And I sort of slept in my hotel room, and sort of didn't...and got to the Cathedral FAR too early the next morning so spent some peaceful time in the ruins, where God was waiting for me. God, surprisingly, didn't seem to be at all worked up about the process, but told me to go in and have a good sing at the staff Christmas service. So in I trotted obediently - to find that, half way through singing Coventry Carol, I knew that though I was CERTAIN NOT TO GET THE JOB a bit of me belonged in Coventry and always would.

Then I preached my homily on the readings for the day, was lightly grilled by the panel, and sent on my way...feeling that it had been a wonderful experience, that I had loved the people I had met, and that there was not a snowball's chance in hell of my ever seeing them again.

And then, that night, the bishop phoned! And, to be honest, I was so utterly startled when he offered me the job that I was actually silent for a good 20 seconds...
But you see, those two days were all about God showing me that I could belong there. Even the things I messed up were part of the learning process. The carefully polished homily I wrote originally had to be ditched in favour of a last-minute dash because I had assumed the readings would be from the Eucharistic lectionary, even though they were listed there on the page in front of me - and only discovered on the Monday, with interviews on Tuesday and Wednesday...but actually, the re-write was perfectly OK, and taught me that perhaps I am a marginally better preacher than I generally believe myself to be...something it's good to realise before you contemplate the pulpit at Coventry. 

What God didn't do was prepare me for the awfulness of going through a parish Christmas when you are the only person who knows that you will be announcing your departure in the New Year. I felt like an adulterous spouse. All the joys of a full church, of once-a-year regulars saying "See you next Christmas Kathryn", the delight of a scratch choir singing Bethlehem Down rather beautifully, the excited squeals of small people at our Christingle workshop decorating the tree...all of that was lived out against the background music of farewell. I loved St Matthew's and telling my family there that I was leaving them was one of the hardest things I have ever done. year on, was it worth it?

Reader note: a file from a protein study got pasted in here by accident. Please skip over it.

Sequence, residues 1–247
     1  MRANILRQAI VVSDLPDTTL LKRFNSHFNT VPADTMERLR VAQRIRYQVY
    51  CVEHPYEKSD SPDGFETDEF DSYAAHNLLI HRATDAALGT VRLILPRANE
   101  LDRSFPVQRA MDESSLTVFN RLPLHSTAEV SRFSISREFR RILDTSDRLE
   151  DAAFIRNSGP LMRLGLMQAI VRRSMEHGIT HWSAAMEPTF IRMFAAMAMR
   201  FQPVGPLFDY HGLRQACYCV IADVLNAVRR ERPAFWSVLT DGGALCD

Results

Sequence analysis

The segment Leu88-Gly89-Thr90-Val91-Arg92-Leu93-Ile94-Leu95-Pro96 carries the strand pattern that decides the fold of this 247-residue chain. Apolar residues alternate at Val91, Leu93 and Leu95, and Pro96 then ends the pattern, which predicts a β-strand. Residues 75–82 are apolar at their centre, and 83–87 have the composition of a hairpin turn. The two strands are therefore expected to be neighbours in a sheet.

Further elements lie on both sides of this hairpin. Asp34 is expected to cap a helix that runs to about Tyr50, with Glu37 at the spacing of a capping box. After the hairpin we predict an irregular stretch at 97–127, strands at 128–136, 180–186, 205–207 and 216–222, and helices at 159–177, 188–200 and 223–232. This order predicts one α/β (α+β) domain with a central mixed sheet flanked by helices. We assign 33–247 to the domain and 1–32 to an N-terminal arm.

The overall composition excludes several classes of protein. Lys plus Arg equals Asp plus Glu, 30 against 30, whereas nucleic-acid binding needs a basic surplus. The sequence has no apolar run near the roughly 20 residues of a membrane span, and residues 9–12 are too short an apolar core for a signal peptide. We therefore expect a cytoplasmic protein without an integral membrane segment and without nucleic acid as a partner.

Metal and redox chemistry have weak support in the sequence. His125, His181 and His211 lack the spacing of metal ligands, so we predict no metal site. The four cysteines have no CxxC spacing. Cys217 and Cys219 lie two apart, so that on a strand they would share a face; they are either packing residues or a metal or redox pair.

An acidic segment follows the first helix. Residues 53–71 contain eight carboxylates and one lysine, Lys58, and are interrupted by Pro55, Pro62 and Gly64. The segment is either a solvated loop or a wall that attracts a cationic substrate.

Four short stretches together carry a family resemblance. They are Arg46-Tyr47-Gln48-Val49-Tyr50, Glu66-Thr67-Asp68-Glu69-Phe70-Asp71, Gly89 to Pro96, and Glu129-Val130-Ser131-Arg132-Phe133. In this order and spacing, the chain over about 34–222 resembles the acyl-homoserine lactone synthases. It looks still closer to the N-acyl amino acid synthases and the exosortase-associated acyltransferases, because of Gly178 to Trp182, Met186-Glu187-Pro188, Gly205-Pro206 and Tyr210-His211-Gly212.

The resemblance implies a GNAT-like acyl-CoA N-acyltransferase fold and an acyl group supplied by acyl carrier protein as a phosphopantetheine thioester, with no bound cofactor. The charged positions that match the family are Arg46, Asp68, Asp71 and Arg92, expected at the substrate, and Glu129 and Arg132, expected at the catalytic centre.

It has been both harder and more rewarding, more different from and more similar to parish life than I had imagined. The obvious gifts and joys - colleagues, music, the Cathedral itself - continue to delight me. The things I knew I'd struggle with continue to baffle and perturb (budgets, anyone?)
Advent is hard this year too, -because I miss the busy hubbub of community life, the same endless round of school services and OAP tea parties that were the backdrop to my waiting last year. I miss the funerals too - that sense of holding a light for the family as they gaze anxiously into the darkness....
But, half way through the staff carol service this morning I looked around me once again and realised these are my people, this is my place for now. 
And I was glad.